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Childhood should be commercial free

By Joe Burns/ Who cares
Thursday, September 1, 2005

Remember childhood - that time between infancy and adolescence?

It used to be very popular.

Children, or kids as they were called, could be distinguished from adolescents and adults in a number of ways: the way they dressed, the way they walked, the way they wore their hair. They were inventive and imaginative people, able to spend hours inventing games and activities without adult assistance or interference.

You don't see much of them anymore. They've been replaced by newer models called pre-teens. They're the same size and age as children, but they dress like adolescents and adults and are often encouraged to try their best to act like them as well.

They are pushed into puberty before having a chance to enjoy being children, and they're exploited by a cynical system that makes billions by taking advantage of their gullibility and malleability. According to the Campaign for a Commercial Free Childhood, children ages four to 12 were responsible for $30 billion in purchases in 2002.

What they are sold are often expensive toys and games that encourage isolation, leave little to the imagination, cost more than most people make in a month in a Third World nation and are themselves springboards for the sale of high-priced accessories and upgrades.

And what they buy isn't only expensive, it's also often inappropriate. USA Today reported that the video game Grand Theft Auto: Vice City, in which players can simulate having sex with a prostitute and then kill her, was the best selling game among teens and pre-teens in 2002. And while little boys are becoming desensitized to the degradation and abuse of women, little girls are encouraged to emulate the very women the boys are encouraged to abuse.

Over the years, the street walker look has been required wear for every pop star from Madonna to Britney Spears. The belly-baring, hip-enhancing outfits, designed to be sexually suggestive, has worked its way down from teen to pre-teen and can now be found in the children's section of most major department stores. But there's still more too come.

Club Libby Lu, a nationwide retail business marketing exclusively to girls ages 5 to 12, will open its first store in Massachusetts next year. On its Web site, Club Libby Lu, a subsidiary of Saks Department Store Group, describes itself as "not just a store" but "a club with special membership privileges" and invites girls to "be part of something special."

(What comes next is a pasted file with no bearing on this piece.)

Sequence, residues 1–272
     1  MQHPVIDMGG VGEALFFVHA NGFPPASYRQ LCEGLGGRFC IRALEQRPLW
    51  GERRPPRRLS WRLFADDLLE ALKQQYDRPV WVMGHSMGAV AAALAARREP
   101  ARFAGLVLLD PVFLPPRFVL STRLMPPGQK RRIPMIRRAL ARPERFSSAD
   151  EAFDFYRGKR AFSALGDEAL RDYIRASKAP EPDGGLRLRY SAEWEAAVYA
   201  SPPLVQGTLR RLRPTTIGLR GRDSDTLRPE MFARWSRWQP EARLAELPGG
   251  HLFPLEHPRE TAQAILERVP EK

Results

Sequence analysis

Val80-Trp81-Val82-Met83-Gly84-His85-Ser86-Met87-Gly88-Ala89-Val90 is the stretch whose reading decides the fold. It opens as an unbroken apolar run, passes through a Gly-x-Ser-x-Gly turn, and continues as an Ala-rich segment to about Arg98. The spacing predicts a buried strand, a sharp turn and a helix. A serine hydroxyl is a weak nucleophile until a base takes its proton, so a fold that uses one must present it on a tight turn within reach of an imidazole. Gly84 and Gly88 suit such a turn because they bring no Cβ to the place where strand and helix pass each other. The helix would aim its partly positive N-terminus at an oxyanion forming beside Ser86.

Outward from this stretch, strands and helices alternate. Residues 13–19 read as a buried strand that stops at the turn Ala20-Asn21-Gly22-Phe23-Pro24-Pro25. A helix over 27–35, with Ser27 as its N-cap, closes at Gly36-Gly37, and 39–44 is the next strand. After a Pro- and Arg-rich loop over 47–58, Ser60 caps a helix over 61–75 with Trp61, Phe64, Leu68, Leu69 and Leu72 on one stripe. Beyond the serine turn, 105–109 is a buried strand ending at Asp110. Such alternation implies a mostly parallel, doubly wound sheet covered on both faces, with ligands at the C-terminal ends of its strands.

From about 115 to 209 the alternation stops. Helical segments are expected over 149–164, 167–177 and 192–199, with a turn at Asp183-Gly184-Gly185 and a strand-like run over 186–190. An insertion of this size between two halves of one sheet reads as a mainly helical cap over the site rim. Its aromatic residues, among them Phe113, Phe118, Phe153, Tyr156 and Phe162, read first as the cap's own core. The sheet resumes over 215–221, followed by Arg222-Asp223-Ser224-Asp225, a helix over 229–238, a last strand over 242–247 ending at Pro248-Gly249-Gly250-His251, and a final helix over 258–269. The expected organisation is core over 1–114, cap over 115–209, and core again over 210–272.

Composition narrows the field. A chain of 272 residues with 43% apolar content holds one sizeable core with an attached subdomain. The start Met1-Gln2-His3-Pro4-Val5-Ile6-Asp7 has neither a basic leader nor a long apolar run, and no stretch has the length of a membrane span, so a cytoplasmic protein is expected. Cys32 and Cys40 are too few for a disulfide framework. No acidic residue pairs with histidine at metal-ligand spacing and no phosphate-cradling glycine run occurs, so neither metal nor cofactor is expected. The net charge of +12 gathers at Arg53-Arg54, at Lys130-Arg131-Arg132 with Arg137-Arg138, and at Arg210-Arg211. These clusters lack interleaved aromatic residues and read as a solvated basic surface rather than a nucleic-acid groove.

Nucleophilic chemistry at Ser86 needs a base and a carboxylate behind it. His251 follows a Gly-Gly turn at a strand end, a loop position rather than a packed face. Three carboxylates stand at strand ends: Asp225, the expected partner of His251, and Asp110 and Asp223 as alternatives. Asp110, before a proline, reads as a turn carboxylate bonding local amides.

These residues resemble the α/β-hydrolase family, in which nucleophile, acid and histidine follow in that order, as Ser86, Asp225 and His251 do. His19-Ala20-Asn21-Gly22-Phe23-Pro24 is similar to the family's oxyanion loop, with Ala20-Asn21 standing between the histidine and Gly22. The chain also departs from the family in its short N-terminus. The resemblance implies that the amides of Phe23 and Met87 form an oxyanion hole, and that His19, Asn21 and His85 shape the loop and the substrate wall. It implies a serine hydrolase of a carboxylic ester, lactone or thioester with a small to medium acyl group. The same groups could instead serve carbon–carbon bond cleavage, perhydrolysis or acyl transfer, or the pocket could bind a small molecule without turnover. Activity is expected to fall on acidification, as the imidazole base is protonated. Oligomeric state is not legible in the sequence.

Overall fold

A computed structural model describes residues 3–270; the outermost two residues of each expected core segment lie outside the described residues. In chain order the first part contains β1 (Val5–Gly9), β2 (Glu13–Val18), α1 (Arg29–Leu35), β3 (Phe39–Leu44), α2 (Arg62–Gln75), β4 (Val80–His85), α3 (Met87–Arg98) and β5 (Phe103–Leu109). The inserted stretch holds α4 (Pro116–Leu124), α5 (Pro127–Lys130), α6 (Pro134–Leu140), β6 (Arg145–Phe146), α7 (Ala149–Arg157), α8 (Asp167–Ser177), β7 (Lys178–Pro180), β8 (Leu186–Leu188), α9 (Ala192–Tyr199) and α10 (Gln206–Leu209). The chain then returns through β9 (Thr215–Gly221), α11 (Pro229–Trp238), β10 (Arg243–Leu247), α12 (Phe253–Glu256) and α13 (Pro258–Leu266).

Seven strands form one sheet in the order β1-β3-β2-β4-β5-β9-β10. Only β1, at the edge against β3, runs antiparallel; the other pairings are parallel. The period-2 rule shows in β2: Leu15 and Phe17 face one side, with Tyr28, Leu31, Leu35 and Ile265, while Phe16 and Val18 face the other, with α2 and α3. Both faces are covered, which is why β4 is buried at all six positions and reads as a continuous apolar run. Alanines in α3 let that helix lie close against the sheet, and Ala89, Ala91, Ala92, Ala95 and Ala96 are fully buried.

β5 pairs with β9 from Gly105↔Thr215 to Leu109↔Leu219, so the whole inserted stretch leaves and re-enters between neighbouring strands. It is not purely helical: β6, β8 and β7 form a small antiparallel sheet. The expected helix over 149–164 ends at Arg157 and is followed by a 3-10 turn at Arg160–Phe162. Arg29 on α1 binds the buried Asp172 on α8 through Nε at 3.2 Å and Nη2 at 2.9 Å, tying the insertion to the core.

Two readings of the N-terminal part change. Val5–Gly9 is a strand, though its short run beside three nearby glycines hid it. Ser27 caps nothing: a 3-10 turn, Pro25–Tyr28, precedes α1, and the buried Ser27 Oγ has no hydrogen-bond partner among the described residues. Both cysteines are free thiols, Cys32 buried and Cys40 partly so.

What it offers are makeovers for children, priced from $21.50 to $30. Makeovers come in five styles: Sparkle Princess, Glam Rock, Rising Star, Drama Queen and Tween Idol. Sorry, astronauts and athletes are unavailable.

"It's still a time when imagination and play and pretend is very important to girls," said Libby Lu marketing director Monica Blaizgis in the Boston Herald, ignoring that Libby Lu is setting the parameters and the price for pretending and playing. And those parameters, according to a photo provided by Libby Lu to the Boston Herald, include tube top, midriff-baring, hip-hugging outfits.

It's natural for children to want to play dress-up, but there's a big difference between rummaging through mommy's closet and trying on her over-sized clothes and buying form-fitting replicas of the working clothes worn by women who are sexually exploited and physically abused.

Club Libby Lu is not the first and not the worst when it comes to exploiting children. But when a business that has 77 stores in 27 states and is still expanding can exist simply by taking advantage of a child's need to fit in, then we have lost sight of our children's needs and rights.

Fifty years ago, when Vladimir Nabokov's novel "Lolita" was first published in America, many people were disturbed by the story of a middle-age man obsessed with a 12-year-old girl. Today, at a time when we seek to keep a tighter rein on sexual offenders, we see nothing wrong with dressing our own children like Lolita.

Ultimately it's up to parents to set limits, but just saying no isn't enough when there's a pusher on every street corner. Parents need help. We've got to let the manufacturers and advertisers know that we're not going to allow them to exploit our children. Manipulation of children for self gratification, whether it is sexual, emotional or financial, is child abuse.

We need not only to boycott those selling sex and violence to our children, but also their parent companies and subsidiaries and those that help to promote those products. Maybe then our pre-teens can be children again.

If you have an idea for a "Who Cares" column, you can call Joe Burns at 508-375-4936 or e-mail him at jburns@cnc.com.

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